ABIDJAN, April 30 (Reuters) - Top cocoa producer Ivory Coast has averted defaults on export contracts this season by letting multinational commodities companies buy at-risk contracts from local exporters, exporters and sources at the cocoa regulator said on Tuesday.
During the 2017/18 and 2016/17 growing seasons, exporters defaulted on nearly 500,00 tonnes of cocoa contracts they had bought in advance of the season as world market prices fell and exporters were unable to honour commitments to suppliers.
In response, the Cocoa and Coffee Council (CCC) was forced to resell their contracts at an overall cost of more than 300 billion CFA francs ($512 million) to the Ivorian government.
“Unlike the two previous years, this year we avoided defaults because the CCC reacted quickly by giving out risky contracts to other (exporters),” said an Abidjan-based exporter.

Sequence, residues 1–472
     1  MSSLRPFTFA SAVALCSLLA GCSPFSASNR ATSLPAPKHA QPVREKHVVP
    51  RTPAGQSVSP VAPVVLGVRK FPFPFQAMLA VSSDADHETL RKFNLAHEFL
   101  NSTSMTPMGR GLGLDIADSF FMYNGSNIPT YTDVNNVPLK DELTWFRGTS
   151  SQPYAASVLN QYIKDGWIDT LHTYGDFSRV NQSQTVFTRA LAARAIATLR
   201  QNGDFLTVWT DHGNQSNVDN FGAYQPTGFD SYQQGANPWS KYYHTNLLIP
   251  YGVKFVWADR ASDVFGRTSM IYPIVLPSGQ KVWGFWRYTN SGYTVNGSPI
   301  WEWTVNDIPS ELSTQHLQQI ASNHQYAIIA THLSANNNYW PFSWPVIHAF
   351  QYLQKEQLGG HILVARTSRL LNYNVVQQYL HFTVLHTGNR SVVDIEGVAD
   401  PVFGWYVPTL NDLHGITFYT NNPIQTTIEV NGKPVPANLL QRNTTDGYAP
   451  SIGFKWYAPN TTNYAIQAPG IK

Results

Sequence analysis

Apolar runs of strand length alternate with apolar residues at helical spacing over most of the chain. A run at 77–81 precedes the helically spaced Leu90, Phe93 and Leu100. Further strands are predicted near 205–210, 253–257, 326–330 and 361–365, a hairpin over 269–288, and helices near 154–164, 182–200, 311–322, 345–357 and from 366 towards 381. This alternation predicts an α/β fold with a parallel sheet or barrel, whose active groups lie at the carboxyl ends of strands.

The “big five” exporters of Ivory Coast cocoa - U.S. agricultural group Cargill, France’s Groupe Sucres et Denrees (Sucden) and Touton, Singapore-based Olam and Switzerland-based Barry Callebaut - purchased all the export contracts potentially at risk of default, said two sources at CCC, who did not wish to be identified.
As a result, those five companies control 80 percent of export contracts this season, compared to less than 60 percent two years ago, according to the sources. ($1 = 588.3300 CFA francs) (Reporting by Ange Aboa; Editing by Juliette Jabkhiro and Susan Fenton)